Sure, your health care coverage ought to prepare you for dealing with the unforeseen — but you can control how much you’ll pay by identifying in advance the things you know you’ll need.
If you plan on starting a family, or already have dependents, for instance, you should plan to purchase health insurance that will cover those related expenses. Before choosing which type of plan to utilize moving forward, review the summary of benefits carefully to make sure pregnancy and prenatal care are among the coverage options.
Among the important health insurance tips for singles: medical insurance coverage reserved for individuals can often adequately cover your medical care costs with lower monthly premiums.
If starting a family is not something you expect to do in the next year, you can save money by not buying an insurance plan that covers those costs (just keep in mind that if that happens unexpectedly, you’ll have some serious out-of-pocket costs).
Knowing that you’ll need a plan that covers treatment for pre-existing conditions like diabetes, heart disease, etc. is also important. If you’re already receiving care for such a condition, then you’ll need it going forward and it’s something you’ll have to pay attention to as you compare health insurance plans.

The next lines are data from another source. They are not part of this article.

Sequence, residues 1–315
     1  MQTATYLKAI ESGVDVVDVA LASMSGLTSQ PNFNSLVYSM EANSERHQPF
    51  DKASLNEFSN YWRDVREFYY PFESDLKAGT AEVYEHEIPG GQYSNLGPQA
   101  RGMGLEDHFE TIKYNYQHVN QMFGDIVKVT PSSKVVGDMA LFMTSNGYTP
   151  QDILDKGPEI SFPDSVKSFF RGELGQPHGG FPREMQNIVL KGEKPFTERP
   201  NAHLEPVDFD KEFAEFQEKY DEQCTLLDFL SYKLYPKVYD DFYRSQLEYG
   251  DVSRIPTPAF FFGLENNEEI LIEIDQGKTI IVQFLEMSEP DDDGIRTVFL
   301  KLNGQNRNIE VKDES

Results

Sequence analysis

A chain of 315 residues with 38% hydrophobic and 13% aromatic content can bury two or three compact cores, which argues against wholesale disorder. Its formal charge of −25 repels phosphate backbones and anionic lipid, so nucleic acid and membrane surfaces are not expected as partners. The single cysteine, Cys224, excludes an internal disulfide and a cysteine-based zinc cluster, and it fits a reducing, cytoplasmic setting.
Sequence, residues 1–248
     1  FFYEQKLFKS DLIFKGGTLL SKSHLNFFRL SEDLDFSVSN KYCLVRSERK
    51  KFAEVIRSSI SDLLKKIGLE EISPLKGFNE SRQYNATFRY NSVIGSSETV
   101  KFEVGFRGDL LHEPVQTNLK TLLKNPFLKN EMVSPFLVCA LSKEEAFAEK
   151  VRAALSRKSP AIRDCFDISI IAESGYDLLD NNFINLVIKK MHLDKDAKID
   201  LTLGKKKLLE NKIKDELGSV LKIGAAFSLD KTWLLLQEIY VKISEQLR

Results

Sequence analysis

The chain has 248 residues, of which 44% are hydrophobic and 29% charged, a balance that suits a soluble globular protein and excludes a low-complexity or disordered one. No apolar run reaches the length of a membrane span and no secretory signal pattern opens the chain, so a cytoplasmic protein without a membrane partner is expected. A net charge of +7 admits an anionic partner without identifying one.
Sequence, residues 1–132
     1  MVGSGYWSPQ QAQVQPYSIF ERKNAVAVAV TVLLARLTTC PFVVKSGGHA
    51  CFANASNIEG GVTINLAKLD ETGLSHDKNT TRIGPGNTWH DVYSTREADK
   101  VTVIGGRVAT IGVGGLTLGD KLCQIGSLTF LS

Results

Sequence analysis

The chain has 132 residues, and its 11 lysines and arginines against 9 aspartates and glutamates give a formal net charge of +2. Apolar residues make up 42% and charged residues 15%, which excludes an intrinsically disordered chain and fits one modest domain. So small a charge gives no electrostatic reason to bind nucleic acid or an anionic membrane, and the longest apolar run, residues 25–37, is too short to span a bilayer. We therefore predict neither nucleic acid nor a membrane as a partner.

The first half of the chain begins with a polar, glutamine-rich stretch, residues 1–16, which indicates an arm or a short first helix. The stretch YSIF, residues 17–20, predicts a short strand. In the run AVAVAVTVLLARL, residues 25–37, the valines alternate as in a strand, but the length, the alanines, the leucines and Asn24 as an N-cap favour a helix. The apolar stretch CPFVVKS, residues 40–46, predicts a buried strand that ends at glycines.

It’s mandated by the Affordable Care Act (ACA) that all individual health insurance plans pay for preventative care measures such as cholesterol screenings, mammograms, and other similar services. You can learn more about what services and options individual health insurance plans are required to offer at healthcare.gov. Under the ACA, individuals and families can determine their plan eligibility based on their income.
Pay for the Right Amount of Coverage